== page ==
Mark describes a scene in which those that would be expected to be insiders, his biological family, and religious leaders, were outsiders. Jesus’ disciples, and the people who wanted to hear Jesus speak, were inside the building with him, but his family and scribes from Jerusalem were outside. The society in which Jesus lived held that the family was the central social and economic unit. The Jewish people understood salvation began by birth into a Jewish family. His audience would have been shocked to hear Jesus’ proclaiming a new definition of family – those that do God’s will.

On the other hand, the times were changing. With the rise of trades and commerce, the population was moving from the family farm to the city, thereby removing people from the support of their families and communities. A new concept of family would have been good news for many who felt lonely and isolated. Paul took this idea and made it a reality by starting Christian fellowships whose life together centered around worship and discipleship.

The religious leaders were concerned that a call to change the status quo would leave them out in the cold. Jesus’ family was worried that he was shaming the family, which would bring dishonor to them in their community. The religious leaders used the common ploy of discrediting and name-calling. They claimed his power to heal came from the prince of evil, Satan or Beelzebub. Jesus deftly destroyed their argument. If his power came from evil, how could he destroy – “a house divided against itself cannot stand.”

Now here’s Jesus’ line that I had to chew on a bit. Jesus said: “Truly I tell you; people will be forgiven for their sins and whatever blasphemies they utter; 29but whoever blasphemes against the Holy Spirit can never have forgiveness but is guilty of an eternal sin”— 30for they had said, “He has an unclean spirit.”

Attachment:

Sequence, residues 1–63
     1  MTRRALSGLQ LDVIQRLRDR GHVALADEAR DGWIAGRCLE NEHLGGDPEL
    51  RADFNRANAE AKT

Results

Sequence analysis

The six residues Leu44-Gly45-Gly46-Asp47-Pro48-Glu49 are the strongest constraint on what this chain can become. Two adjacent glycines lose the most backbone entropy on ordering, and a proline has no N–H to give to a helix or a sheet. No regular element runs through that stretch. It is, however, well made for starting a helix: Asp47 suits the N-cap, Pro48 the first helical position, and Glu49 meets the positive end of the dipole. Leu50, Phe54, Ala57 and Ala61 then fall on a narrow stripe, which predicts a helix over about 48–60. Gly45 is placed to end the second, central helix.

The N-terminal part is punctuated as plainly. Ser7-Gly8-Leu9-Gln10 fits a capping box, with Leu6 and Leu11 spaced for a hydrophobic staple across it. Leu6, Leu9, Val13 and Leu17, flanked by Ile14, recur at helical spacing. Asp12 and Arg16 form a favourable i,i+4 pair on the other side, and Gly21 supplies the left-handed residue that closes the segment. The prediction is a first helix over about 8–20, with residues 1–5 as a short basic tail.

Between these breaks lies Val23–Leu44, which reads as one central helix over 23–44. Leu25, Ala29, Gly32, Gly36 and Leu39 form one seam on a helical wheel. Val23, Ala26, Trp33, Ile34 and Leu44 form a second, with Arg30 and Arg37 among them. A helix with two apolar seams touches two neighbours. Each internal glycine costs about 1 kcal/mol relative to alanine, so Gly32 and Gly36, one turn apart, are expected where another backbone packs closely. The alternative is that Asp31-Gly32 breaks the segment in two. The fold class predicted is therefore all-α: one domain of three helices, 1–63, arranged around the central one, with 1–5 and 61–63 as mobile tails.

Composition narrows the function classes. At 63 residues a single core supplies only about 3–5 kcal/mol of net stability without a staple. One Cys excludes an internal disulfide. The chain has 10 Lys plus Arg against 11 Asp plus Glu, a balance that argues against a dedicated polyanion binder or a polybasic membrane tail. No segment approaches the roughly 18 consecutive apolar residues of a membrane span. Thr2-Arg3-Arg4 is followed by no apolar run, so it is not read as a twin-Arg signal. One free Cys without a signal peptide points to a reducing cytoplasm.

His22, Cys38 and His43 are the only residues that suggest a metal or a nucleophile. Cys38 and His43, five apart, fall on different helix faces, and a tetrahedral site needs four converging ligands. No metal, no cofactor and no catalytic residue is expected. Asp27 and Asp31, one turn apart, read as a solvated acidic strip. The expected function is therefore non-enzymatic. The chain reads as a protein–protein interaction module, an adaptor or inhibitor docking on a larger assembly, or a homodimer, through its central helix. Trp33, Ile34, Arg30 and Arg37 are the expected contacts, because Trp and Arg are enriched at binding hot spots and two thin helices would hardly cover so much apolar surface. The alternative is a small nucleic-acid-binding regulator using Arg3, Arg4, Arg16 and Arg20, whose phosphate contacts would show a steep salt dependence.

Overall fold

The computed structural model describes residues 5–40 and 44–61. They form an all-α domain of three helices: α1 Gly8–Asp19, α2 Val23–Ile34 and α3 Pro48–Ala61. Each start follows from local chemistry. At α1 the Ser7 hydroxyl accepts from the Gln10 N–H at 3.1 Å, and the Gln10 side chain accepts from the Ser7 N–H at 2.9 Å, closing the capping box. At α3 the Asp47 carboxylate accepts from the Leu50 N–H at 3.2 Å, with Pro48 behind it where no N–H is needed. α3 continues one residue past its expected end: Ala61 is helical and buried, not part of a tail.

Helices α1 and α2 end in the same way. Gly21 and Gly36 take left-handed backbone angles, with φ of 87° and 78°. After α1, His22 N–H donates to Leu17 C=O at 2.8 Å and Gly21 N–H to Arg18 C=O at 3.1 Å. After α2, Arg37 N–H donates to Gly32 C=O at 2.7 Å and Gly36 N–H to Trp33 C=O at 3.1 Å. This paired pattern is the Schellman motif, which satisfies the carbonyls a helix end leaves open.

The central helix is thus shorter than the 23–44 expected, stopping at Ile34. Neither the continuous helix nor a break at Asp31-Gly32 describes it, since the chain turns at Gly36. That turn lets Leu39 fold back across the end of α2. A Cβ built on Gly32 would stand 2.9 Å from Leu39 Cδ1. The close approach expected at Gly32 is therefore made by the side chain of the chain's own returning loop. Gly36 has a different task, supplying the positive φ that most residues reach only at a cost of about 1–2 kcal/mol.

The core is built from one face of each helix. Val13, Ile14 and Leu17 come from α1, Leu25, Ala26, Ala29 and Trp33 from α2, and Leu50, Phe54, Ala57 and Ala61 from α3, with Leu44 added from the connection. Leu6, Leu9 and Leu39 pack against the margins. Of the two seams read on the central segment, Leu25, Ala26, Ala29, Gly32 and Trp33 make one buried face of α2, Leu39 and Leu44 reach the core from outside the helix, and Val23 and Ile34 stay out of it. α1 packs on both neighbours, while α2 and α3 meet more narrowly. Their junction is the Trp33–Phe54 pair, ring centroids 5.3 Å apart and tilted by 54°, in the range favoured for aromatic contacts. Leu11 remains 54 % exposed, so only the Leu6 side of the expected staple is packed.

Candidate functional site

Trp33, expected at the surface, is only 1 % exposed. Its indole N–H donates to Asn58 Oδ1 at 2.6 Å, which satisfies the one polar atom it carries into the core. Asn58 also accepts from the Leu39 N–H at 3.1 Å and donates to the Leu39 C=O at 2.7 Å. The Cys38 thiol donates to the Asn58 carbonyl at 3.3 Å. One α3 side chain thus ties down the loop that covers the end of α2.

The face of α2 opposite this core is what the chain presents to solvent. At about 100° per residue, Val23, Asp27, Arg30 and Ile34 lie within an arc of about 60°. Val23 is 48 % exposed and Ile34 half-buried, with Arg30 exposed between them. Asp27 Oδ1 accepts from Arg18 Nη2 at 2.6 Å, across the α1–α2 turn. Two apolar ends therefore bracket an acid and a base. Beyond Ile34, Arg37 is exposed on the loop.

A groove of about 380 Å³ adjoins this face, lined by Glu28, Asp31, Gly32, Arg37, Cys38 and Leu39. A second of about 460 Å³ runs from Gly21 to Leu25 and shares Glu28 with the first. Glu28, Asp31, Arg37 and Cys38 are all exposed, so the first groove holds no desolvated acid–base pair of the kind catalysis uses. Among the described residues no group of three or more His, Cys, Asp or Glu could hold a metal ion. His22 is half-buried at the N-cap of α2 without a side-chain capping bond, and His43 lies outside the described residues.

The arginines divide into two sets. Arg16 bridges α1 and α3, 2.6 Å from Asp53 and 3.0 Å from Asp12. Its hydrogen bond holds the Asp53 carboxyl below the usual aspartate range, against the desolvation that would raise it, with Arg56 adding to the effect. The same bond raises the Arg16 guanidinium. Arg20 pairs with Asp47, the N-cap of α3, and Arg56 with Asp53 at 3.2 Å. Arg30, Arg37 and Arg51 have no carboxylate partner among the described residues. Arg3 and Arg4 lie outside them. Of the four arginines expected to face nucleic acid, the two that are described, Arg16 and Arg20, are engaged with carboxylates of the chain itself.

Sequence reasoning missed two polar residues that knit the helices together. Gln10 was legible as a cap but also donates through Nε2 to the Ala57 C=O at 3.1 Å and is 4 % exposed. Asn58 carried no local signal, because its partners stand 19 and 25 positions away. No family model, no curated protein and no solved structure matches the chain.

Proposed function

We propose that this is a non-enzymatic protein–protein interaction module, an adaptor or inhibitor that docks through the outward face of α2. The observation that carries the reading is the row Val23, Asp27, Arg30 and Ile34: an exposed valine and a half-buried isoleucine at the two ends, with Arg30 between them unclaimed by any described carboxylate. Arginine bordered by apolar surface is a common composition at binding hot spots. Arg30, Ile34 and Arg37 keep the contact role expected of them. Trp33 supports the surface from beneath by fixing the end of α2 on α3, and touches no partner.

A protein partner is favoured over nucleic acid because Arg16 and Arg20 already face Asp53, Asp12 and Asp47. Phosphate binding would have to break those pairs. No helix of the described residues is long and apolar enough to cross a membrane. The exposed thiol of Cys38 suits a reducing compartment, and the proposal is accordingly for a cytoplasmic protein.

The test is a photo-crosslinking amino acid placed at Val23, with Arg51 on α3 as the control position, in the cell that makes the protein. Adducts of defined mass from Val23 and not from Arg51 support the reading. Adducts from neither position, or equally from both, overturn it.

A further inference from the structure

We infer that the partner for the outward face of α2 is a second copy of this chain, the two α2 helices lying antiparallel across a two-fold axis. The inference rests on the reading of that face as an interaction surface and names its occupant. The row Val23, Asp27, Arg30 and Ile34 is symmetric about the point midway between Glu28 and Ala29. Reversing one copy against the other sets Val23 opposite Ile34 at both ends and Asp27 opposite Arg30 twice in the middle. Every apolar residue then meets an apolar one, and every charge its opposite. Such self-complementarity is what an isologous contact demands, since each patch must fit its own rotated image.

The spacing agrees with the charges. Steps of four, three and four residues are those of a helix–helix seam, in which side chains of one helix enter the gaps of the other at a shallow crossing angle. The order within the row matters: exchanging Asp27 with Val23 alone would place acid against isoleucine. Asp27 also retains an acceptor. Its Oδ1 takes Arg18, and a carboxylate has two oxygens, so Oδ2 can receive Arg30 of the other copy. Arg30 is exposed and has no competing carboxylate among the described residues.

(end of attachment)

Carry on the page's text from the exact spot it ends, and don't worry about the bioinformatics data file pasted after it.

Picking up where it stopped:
No forgiveness… ever? Jesus has presented himself as being all about forgiveness, but then he draws a line. How does one blaspheme against the Holy Spirit? Evidently, that is just what the religious leaders had done when they accused Jesus’ healing with the work of Satan. The way I interpret this verse is; when we claim something good is evil or what is evil good, we have sinned big time! Or to be more specific when we interchange the work of Satan with the mission of Christ, and vice versa, we have stepped on a banana peel on the way down that treacherous slippery slope that sends us away from God. When national politics and social conflicts threaten our own power and privilege, we risk the errors of the Israelites in choosing to trust in a king rather than God. We risk becoming outsiders in God’s kingdom. We risk becoming like the de-churched in Corinth who fell back into the ways of the world when being faithful required more of a commitment than they wanted to make.

Ched Myers in “Binding the Strong Man: A Political Reading of Mark’s Story of Jesus,” warns: “When we clean up Jesus to the point that his mission is no longer disruptive and offensive, we commit the unforgivable sin. We render Jesus so innocuous that instead of binding up the strong man and freeing the captives, we use him to bolster the status quo when that status quo benefits us. We conflate our wants, biases, and beliefs with Jesus’ words and mission and that is blasphemy against the Holy Spirit.”

Imagine if we lived into Jesus’ vision of family in our churches, in our communities, in our nation and the world. Jesus imagined that world when he commanded his disciples to share themselves with others as he shared himself with them. He enacted a meal to be a vision of God’s heavenly banquet. Because Christ commanded it, we celebrate what the early church called the Eucharist, as a sacrament. Likewise, we baptize because Christ commanded his disciples to do so. As St. Augustine described: “visible signs of God’s invisible grace.” Or as Paul put it: “We look not at what can be seen but at what cannot be seen; for what can be seen is temporary, but what cannot be seen is eternal.” (2 Cor. 4: 18)

Today Matthew and Paula will formally accept for their son, Lucas, the gift that God has already given. From his birth, Lucas has been claimed as a child of God. By having him baptized, they pledge to teach him what that means. They pledge to demonstrate for him how to live in the world as Christ taught – to love God and all God’s other children, to discern what is evil and what is good, to find joy in serving as Christ served. As a congregation, we will pledge to support them and Lucas with prayer, presence, encouragement and service. In this way, we celebrate our own baptisms.

Amen, may it be so!






© Rev. Denise Clark-Jones, 2021, All Rights Reserved
Westminster Presbyterian Church | 1420 W. Moss Ave. | Peoria, Illinois 61606